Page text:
WASHINGTON — Is it cheaper to pay a toll to drive on Interstate 66 during the rush hour or cheaper to ride public transit? That’s the question that some commuters are weighing since tolling began four weeks ago.
Commuter Debbie Vickers did the math.
She could pay $18 a day to ride the commuter bus from the South Riding area to Downtown D.C.
Or, she could pay a few dollars less per day to take the bus to the Wiehle-Reston East Metro Station and then ride the Silver Line into town.
Or she could hit the road at 4:45 a.m. to use I-66 before the HOV restrictions start and pay $10 in tolls during her evening trip home to Loudoun County.
“I had to give myself a limit,” Vickers said. At $10 a day, “that’s even $50 a week. So that’s $200 a month extra. That’s my cap, $200 a month for tolls that I didn’t used to have to pay because I had a hybrid,” Vickers said.
As a hybrid driver, Vickers had been able to legally use I-66 inside the Capital Beltway since 2004. Before then, she routinely faced two-hour commutes. Now, she is preparing for that reality again.
“I’m willing to get up early,” she said. “It’s the evenings — I can’t get around without paying the tolls. I know they will go up,” she said.
Virginia officials have said the tolls and longer HOV hours are intended to move more people along the I-66 corridor through carpooling and transit.
But so far, commuters have resisted parking their cars with many willing to pay the tolls, according to a WTOP survey of 1,030 commuters. The online, nonscientific survey was conducted from Dec. 14 to 18.
Few commuters said they are opting to ride Metro in lieu of carpooling or paying the tolls.
Metro reported no change in ridership at Virginia Orange and Silver line stations since the tolls began on Dec. 4.
Nearly an equal number of commuters said they were driving alone and paying the toll as those who chose to ride HOV, according to the survey results.
However, the largest portion of commuters — nearly a third — said they found alternate options to avoid the tolls including taking side streets or riding VRE. Some said they were splitting their commute, like Vickers, and paying the toll one way and finding another route or carpooling for their reverse trip.
About a fifth of commuters said they were leaving earlier and the remainder said they were opting to leave later, take Metro or ride a commuter bus.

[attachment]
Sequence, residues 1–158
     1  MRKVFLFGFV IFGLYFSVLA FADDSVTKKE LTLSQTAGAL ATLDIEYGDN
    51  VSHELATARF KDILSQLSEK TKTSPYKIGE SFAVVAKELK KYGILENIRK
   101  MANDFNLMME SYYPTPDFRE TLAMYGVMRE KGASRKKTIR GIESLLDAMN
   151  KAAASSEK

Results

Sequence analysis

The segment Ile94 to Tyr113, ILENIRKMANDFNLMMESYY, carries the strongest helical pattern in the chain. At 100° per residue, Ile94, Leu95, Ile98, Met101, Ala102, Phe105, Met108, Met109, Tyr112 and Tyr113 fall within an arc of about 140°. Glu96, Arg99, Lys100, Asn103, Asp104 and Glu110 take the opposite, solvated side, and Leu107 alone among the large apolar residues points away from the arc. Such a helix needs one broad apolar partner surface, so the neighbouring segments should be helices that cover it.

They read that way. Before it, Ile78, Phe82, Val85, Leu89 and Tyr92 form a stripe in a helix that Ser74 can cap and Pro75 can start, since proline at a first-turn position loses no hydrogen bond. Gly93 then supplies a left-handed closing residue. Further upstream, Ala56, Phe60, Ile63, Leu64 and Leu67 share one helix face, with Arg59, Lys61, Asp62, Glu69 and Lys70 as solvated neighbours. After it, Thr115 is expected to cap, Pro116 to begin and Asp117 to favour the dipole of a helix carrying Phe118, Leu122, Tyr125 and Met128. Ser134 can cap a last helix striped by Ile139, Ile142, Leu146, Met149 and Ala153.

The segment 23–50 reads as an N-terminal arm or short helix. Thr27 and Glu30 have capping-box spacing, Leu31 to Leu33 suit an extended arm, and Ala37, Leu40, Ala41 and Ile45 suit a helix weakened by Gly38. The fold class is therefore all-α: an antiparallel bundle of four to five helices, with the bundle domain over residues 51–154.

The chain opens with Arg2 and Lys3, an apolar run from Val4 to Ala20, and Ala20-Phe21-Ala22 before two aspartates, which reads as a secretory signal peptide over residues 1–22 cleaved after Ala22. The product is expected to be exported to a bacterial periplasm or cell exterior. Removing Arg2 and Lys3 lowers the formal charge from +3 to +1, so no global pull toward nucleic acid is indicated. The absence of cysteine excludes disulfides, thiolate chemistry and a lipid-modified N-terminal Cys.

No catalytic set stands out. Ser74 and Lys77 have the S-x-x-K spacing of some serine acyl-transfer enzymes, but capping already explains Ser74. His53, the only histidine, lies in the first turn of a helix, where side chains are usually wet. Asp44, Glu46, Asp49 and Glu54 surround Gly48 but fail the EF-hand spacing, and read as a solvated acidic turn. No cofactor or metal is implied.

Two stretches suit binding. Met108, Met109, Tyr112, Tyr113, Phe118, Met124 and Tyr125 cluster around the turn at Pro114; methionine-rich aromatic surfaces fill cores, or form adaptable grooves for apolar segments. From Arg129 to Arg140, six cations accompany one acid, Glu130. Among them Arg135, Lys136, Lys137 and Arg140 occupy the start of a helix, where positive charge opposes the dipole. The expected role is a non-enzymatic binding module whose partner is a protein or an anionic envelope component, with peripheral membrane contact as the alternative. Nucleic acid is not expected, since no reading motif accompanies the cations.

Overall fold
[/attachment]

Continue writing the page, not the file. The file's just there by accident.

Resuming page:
The cost of commuting
Nicholas Ramfos, director of Commuter Connections, said that paying the toll might make sense for occasional I-66 users. But transit or carpooling is cheaper overall for daily commuting.
“I think some people may not be thinking about what all the costs are in terms of driving by yourself each day,” Ramfos said.
Gas, wear and tear plus the price of the tolls add up, he said.
In comparison, transit commuters can deduct, pretax, the cost of their transit fares up to $260 a month from their paychecks, reducing the cost of commuting. And carpoolers save time by using the HOV lanes in the region, Ramfos said.
HOV commuter Krista Shonk agreed with Ramfos.
“Carpooling has proven to be a more efficient and more comfortable way of commuting for us. We’re able to split the cost of commuting and it’s actually a lot cheaper for us,” Shonk said.
Shonk shares a carpool with two other women from Vienna to D.C. every day. She used to ride Metro until about two years ago.
“Claims that the cost of commuting has gone up, those are bogus claims,” Shonk said. “If we don’t change our habits, nobody’s commute is going to get better. And if we don’t change habits, then nobody’s quality of life is going to get better.”
Revenue from the tolls is slated to help increase the slate of alternatives available to commuters like Vickers. An initial $10 million has paid for new park-and-ride lots, express bus service and even incentives to help commuters find carpools or slug lines.
More projects are slated to roll out in the coming months.